Japan Geoscience Union Meeting 2016

Presentation information


Symbol P (Space and Planetary Sciences) » P-PS Planetary Sciences

[P-PS14] Origin and evolution of materials in space

Wed. May 25, 2016 9:00 AM - 10:25 AM 104 (1F)

Convener:*Shogo Tachibana(Department of Natural History Scieces, Hokkaido University), Hitoshi Miura(Graduate School of Natural Sciences, Department of Information and Biological Sciences, Nagoya City University), Takafumi Ootsubo(Graduate School of Arts and Sciences, University of Tokyo), Chair:Shogo Tachibana(Department of Natural History Scieces, Hokkaido University)

10:10 AM - 10:25 AM

[PPS14-05] How to measure snowlines and C/O ratio distributions in protoplanetary disks using infrared spectroscopic observations

*Shota Notsu1, Hideko Nomura2, Daiki Ishimoto1,2, Mitsuhiko Honda3 (1.Department of Astronomy, Graduate School of Science, Kyoto University, 2.Department of Earth and Planetary Science, Tokyo Institute of Technology, 3.Department of Physics, School of Medicine, Kurume University)

Keywords:snowline, protoplanetary disk, chemical reactions, C/O ratio, infrared spectroscopic observation, planet formation

Protoplanetary disks are active environment for the creation of relativley simple molecules (e.g., H2O, CO, CO2, HCN) and complex organic molecules (COMs). The emission lines of these simple molecules from disks are detected by the infrared spectroscopic observations using Spitzer space telescope and large ground-based telescopes like VLT, Keck (e.g, Pontoppidan et al. 2010a&b, Mandell et al. 2012).
Since protoplanetary disks rotate with keplerian velocity, the emissions from disks have characteristic profiles due to doppler shift. Analyzing the profiles of lines, we will obtain the information on the distance from the central star of the line emitting regions. We have calculated the chemical structures of protoplanetary disks and radiative transfer of H2O lines, and have proposed the method to locate the H2O distributions of near the midplane of the inner disk, using spectroscopic observations. We have found that we can obtain the information on the H2O snowline through investigating the profiles of some emissions that have small Einstein A coefficient and relatively large energy in the upper level (e.g., Notsu et al. 2016a, ApJ submitted, 2016b, in prep.).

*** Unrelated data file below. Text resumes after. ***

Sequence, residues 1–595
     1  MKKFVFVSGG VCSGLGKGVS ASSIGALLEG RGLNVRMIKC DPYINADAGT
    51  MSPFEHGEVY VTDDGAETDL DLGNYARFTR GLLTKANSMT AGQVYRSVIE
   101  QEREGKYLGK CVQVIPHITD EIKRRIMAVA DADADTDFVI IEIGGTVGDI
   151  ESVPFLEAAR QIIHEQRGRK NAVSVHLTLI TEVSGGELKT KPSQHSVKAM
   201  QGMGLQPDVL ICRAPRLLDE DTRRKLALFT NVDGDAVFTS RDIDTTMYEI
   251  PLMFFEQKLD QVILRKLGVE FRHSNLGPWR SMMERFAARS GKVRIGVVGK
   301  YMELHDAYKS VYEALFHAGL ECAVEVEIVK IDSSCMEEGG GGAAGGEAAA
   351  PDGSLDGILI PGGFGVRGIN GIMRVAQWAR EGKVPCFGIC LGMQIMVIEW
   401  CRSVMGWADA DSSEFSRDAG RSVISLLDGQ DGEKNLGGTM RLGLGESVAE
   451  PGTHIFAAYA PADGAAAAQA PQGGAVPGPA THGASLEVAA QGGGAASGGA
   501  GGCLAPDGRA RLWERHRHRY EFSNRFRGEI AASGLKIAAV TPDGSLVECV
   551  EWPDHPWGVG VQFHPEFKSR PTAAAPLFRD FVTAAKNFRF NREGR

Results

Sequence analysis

It is thought that difference in snowlines of oxygen- and carbon-bearing molecules, such as H2O, CO, HCN, CO2, will result in systematic variations in the C/O ratio both in the gas and ice (e.g., Oberg et al. 2011, Pontoppidan et al. 2014). In addition, the C/O ratio of atomosphere of some exoplanets (e.g., Hot Jupiter) were measured by recent studies (e.g, Madhusudhan et al. 2014). Therefore, the planet forming regions could be confined through comparing the radial distributions of C/O ratio in disks and those of planetary atmospheres.
In this study, we developed our calculations of disk chemical structures for T Tauri disk, and investigate the abundance distributions of simple molecules. We then calculated radiative transfer of various lines of simple molecules. We found that through investigating the profiles of lines with various Einstein A coefficients and excitation energies, we can detect C/O ratio distributions of various molecules in disks. For example, HCN lines from a T Tauri disk in 14μm band reflect gas distributions of inner disks. In contrast, HCN lines in 3μm bands reflect those of outer disks. We also discuss the possibility to measure such molecular lines with future near- and mid-infrared spectroscopic observations. In addition, we will discuss the results for Herbig Ae disk case, if we have a time.